It seems smart at the time. Your company enters into a company-wide repair agreement (let’s call it CWRA) with a vendor that works with automation. All automation, to hear them tell it, but then your legacy Rexroth machinery needs some support.
The big automation company can’t repair the legacy components. They can’t get OEM parts, because Rexroth doesn’t sell parts. Ever. They can’t get the information they need, either, and they have never seen this kind of part before.
We know what happens next. You’ve already wasted a lot of time trying to get your machinery working under the CWRA, so by the time you call us you have no choice but to get an emergency replacement unit flown out by chartered plane.
We’re happy to do this, of course, but it costs a bit more than you would have paid if you had just called us in the first place.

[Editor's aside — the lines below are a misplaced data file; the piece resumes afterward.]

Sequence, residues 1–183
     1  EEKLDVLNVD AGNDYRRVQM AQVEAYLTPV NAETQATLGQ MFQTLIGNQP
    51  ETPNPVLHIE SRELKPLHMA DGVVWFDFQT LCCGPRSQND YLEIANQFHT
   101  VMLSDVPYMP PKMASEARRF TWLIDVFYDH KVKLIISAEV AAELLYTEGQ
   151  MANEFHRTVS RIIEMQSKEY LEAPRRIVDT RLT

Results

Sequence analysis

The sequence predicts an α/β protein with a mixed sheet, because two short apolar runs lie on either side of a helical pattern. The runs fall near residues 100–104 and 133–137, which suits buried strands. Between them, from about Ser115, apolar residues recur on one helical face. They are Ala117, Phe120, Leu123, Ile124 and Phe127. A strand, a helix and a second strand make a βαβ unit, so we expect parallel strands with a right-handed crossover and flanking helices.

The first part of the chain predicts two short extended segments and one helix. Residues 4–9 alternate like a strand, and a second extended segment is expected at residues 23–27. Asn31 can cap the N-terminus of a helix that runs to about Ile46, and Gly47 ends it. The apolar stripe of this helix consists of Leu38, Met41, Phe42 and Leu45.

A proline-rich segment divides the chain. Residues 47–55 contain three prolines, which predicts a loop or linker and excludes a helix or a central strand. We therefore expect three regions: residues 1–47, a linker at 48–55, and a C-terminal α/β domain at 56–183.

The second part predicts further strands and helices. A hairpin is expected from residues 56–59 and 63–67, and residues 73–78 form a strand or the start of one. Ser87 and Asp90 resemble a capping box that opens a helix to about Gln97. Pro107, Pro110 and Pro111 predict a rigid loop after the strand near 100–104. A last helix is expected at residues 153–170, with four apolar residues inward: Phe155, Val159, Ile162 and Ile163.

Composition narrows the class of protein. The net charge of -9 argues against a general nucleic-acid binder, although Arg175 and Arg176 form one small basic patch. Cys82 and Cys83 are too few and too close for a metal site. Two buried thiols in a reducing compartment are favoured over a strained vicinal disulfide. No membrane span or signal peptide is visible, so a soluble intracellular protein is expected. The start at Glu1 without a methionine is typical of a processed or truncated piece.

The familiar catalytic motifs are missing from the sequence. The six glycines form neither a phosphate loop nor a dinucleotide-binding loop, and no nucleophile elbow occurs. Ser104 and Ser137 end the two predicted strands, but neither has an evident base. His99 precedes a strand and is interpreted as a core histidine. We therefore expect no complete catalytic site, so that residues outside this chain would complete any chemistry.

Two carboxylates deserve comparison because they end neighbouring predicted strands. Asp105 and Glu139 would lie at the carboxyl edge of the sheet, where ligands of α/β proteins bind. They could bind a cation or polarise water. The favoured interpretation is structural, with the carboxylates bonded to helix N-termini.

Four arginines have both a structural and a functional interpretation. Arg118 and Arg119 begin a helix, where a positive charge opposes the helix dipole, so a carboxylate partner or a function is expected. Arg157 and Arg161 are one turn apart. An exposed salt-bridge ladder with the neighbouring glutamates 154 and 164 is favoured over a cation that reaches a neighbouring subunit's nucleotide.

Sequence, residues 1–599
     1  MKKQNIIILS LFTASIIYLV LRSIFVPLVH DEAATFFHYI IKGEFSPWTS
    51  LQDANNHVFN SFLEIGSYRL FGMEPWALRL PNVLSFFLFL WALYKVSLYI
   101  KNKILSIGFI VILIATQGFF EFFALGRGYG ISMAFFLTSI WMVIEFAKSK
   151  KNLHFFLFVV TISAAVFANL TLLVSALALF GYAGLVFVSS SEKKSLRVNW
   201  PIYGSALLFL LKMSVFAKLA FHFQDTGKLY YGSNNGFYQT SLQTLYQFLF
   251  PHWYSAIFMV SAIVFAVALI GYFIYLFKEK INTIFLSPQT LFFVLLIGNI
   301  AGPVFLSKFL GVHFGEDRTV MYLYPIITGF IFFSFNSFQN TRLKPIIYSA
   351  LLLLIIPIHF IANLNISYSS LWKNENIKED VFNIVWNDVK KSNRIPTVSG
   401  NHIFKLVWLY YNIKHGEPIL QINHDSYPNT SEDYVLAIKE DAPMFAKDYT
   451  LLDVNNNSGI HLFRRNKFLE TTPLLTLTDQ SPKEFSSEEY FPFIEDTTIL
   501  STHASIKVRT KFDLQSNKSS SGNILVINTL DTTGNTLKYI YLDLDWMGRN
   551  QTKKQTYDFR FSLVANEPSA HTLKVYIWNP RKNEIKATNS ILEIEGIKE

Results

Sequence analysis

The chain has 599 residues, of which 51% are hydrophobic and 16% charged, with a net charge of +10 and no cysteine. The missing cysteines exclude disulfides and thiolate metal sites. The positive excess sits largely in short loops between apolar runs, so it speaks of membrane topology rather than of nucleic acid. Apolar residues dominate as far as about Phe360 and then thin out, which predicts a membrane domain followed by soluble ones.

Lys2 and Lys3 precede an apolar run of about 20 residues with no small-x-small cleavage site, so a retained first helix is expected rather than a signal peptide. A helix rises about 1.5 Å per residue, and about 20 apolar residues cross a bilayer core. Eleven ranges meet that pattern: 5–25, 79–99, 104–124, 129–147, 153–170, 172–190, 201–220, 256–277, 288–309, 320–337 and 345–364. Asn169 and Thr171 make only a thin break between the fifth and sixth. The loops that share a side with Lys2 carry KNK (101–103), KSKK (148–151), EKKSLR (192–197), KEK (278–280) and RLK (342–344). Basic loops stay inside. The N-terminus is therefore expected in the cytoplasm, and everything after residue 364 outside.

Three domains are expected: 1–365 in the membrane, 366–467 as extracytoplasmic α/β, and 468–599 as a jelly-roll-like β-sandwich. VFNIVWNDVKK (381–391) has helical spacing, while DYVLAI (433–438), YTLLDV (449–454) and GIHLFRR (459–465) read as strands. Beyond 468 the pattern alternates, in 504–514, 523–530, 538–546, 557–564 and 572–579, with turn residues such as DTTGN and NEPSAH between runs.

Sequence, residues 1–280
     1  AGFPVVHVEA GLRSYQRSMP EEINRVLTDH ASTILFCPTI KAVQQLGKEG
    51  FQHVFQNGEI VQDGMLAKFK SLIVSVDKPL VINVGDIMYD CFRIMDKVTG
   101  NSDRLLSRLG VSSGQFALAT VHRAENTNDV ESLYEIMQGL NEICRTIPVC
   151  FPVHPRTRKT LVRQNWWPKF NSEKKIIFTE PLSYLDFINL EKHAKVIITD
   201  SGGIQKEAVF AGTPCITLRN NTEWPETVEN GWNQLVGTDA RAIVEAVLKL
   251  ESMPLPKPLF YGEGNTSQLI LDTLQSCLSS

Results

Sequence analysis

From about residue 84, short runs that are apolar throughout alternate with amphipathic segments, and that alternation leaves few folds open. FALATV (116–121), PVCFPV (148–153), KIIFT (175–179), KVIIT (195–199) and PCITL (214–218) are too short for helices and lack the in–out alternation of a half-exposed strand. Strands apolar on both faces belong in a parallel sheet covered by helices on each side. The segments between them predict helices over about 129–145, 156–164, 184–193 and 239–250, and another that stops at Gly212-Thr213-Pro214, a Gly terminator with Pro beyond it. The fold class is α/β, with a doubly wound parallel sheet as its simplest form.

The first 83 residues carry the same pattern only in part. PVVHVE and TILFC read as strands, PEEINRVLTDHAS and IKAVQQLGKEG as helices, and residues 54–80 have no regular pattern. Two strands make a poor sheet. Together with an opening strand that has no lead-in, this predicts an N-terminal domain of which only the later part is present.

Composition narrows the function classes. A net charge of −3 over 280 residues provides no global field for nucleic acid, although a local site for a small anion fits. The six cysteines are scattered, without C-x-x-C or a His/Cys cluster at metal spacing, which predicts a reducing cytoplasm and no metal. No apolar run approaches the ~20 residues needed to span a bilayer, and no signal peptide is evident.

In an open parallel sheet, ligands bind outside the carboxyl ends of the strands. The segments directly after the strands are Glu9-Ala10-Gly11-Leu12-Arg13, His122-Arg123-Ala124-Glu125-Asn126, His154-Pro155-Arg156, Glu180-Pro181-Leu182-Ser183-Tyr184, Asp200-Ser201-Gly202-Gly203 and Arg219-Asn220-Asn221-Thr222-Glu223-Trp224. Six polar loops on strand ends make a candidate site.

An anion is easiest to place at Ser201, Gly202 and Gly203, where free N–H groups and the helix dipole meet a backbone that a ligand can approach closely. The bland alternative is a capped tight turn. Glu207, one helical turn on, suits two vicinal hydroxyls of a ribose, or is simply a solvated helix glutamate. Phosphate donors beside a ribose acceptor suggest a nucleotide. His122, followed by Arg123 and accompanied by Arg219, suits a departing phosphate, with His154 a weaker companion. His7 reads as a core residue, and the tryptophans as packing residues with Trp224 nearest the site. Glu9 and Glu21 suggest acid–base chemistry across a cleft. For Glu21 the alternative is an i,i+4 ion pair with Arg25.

We usually explain this to customers in this situation. They can see that calling us first would save them money. So next time they need some Rexroth support, they… call the big automation vendor, because they have a company-wide repair agreement.
We’ll see them in a few days, when things have gotten much worse and they need us to bring their emergency replacement unit out by chartered plane.